The once-strong relationship between art and religion—a relationship that inspired stunning works of art from ancient history through the Renaissance and beyond—has been strained in recent years. Art critic and historian Rosalind Krauss made note of an “absolute rift” between art and religion back in 1979. But one only has to consider the furious reaction of the religious public to the most well-known art-world images that reference religion since then—Andres Serrano’s photograph “Piss Christ” (1987), Chris Ofili’s mixed-media painting “The Holy Virgin Mary” (1996), Renee Cox’s “Yo Mama’s Last Supper” (1996), and David Wojnarowicz’s video “A Fire in My Belly” (1987)—to know how great the schism between the two has grown.
At issue between artists and religionists in America is a central conflict. Artists, who since the arrival of modernism have placed concerns about the self at the core of artistic practice, today tend to examine religion through heavily tinted lenses. Instead of expressing a sense of general worship of life’s wonders or a pious appreciation of God and religion, contemporary artists more often explore their own personal doubts about, or qualms with, religion. Or else they look at religion in relation to their own troubled sense of themselves and their place in the world. To religious folk, this sort of inquiry is seen as, at best, a sacrilegious questioning of their faith or, at worst, a deep attack on their personal religious values. And the resulting intractable impasse is made all the more intense because it brings into play several core American values. In modern religious art, our belief in the freedom of expression clashes with our deep national religious roots, and our support for freedom of speech comes into conflict with our belief in freedom of worship.
It would take a brave and visionary artist to successfully traverse the current national divide over religion in art, and this is even more true when the artist in question uses an Islamic text as the basis for his work. Yet, this is exactly what Los Angeles-based artist Sandow Birk has done. For the past five years, Birk has worked to create an updated version of the Qu’ran by creating a series of small gouache and ink images on paper.
The Holy Qu’ran, the chief religious text of Islam, is said to be the direct, verbatim word of God, as communicated to the prophet Muhammad in the 7th century. Unlike much of the Christian Bible, the text of the Qu’ran is not a chronological narrative. Instead, it is comprised of 114 sermon-like chapters called “Suras.” Birk is currently working to make illustrations for each. Birk’s Qu’ran project is notable because it renders the holy text as it was intended—as a universal message to humankind from a divine source. He does not seek to grapple with self-doubt about religion or express his personal view of faith; instead, Birk’s intention is to honor the religion and to elucidate the text for modern audiences by updating the imagery to suit modern tastes. This means, even as Birk hand-transcribes text from each Sura in ways that honor traditional illustrated calligraphic guidelines that artists have followed for centuries in Islamic countries—including the colors of inks, the page format, margin size, and so on—he also employs an American tradition of writing, urban graffiti, to inspire his calligraphy. It also means Birk illuminates each text with appealing and lively (and textually appropriate) scenes from everyday contemporary American life—duffers on a golf course, a family shoveling snow from a winter driveway, people shopping at Wal-mart, stock cars on a NASCAR raceway, a Piggly Wiggly store in the aftermath of a hurricane, and so on.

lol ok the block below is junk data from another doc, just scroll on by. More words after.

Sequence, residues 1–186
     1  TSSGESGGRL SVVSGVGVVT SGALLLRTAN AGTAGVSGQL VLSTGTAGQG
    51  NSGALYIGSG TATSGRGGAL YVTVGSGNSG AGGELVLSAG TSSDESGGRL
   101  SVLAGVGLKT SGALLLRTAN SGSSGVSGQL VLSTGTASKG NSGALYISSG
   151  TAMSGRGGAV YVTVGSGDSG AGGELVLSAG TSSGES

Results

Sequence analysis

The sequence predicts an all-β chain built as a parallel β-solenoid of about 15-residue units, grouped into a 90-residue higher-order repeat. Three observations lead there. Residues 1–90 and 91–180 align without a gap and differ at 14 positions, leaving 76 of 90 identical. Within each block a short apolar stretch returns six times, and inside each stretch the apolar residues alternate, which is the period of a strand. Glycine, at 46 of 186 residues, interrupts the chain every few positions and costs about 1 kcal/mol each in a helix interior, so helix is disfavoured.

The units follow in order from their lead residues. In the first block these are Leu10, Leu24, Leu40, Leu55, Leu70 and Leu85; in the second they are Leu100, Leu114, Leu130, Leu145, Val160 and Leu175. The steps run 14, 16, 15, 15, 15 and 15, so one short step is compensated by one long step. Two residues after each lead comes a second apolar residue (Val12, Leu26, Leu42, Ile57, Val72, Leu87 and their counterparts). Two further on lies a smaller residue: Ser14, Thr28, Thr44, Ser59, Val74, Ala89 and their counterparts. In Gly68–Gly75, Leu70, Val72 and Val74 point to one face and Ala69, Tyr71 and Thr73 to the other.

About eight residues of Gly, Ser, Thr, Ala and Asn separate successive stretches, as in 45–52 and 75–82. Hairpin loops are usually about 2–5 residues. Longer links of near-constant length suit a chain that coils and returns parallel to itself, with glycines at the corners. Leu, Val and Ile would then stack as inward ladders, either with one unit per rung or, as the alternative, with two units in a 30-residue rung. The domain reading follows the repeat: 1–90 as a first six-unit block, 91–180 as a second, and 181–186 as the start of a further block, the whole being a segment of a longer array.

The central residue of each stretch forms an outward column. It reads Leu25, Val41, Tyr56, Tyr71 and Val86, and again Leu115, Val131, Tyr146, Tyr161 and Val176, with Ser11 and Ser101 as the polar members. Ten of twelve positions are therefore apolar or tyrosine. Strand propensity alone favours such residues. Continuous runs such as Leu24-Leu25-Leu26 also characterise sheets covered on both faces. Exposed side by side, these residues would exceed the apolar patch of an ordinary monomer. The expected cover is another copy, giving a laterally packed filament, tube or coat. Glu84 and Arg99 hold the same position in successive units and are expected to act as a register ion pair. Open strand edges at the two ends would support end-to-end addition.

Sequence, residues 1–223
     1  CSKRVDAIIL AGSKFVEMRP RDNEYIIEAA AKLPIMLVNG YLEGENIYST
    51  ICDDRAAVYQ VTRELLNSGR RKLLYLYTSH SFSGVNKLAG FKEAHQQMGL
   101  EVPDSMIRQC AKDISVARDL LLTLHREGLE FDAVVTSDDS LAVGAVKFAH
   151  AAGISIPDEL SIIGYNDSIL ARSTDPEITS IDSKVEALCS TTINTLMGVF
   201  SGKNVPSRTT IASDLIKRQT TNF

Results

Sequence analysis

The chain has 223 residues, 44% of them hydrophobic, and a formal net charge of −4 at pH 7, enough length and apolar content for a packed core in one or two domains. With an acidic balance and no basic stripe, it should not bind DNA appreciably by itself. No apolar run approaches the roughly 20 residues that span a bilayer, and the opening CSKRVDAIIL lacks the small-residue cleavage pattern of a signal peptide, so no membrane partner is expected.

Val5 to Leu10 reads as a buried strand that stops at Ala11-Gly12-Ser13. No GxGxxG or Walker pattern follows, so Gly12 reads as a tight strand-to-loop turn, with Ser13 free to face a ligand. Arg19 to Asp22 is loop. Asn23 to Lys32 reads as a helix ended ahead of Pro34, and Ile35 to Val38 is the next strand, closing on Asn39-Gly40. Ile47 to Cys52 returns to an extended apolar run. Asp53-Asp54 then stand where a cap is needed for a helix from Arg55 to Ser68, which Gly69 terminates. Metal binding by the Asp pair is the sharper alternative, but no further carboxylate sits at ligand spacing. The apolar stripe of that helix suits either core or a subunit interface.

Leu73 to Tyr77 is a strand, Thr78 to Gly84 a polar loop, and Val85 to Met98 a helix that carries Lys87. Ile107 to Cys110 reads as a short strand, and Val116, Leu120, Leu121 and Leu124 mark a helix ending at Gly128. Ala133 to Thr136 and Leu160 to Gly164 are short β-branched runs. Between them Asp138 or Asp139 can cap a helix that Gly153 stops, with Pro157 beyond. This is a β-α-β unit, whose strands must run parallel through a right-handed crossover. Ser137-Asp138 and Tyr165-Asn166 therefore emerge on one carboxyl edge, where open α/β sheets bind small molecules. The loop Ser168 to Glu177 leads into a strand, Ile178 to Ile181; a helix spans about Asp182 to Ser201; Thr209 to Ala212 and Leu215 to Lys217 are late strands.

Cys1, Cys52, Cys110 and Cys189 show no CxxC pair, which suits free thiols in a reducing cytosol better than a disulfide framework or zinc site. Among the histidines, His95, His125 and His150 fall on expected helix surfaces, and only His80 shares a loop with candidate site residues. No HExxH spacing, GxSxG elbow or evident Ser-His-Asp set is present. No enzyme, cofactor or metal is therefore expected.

“If the Qur’an is indeed a divine message to all peoples,” Birk wrote of his intentions for the project, “what does it mean to an individual American in the 21st Century?” In answer to his own question, Birk composes his images in a way similar to illuminated manuscripts or Persian miniature paintings. This means, as a rule, they are almost cartoon-like in their flat, colorful precision, a choice that seems purposefully designed to attract the largest possible audience and to appeal to the widest possible range of American sensibilities. Even though the images in the works cover the gamut of modern American experience, there is nothing threatening about any one of them, nothing that would provoke anyone’s ire or indignation. These images are safe enough that even parents would approve of their children seeing them. And certainly if a work of art is safe enough to show a child, it’s likely safe enough for even the most strident religious people.
The final project will consist of nearly 250 different pages that illustrate all 114 Suras of the Qur’an. At present, a selection of the Suras from Birk’s “American Qu’ran” project will be on view at the Andy Warhol Museum from February 26 through May 1, 2011. In sum, considering the scope of Birk’s efforts, and the bridge across the art-religion divide he’s managed to construct with his work, a special Hajj to Pittsburgh may be what every American—religious or not—needs.
Michael Fallon is a writer, editor, and non-profit administrator based out of St. Paul, Minnesota. His work has appeared in Art in America, American Craft, Public Art Review, Minneapolis-St. Paul Magazine, the OC Weekly, City Pages, and many other publications. Read his previous posts here.
Michael Fallon is a guest blogger at utne.com. The views expressed by this guest blogger belong to him and do not necessarily reflect the mission or editorial voice of utne.com or the Utne Reader.
Image at top by Sandow Birk, “American Qur'an Sura 49 (a),” 2010, Courtesy of P.P.O.W Gallery, NY and Catharine Clark Gallery, San Francisco.
Image above right by Sandow Birk, “American Qur'an Sura 67,” 2010, Courtesy of P.P.O.W Gallery, NY and Catharine Clark Gallery, San Francisco.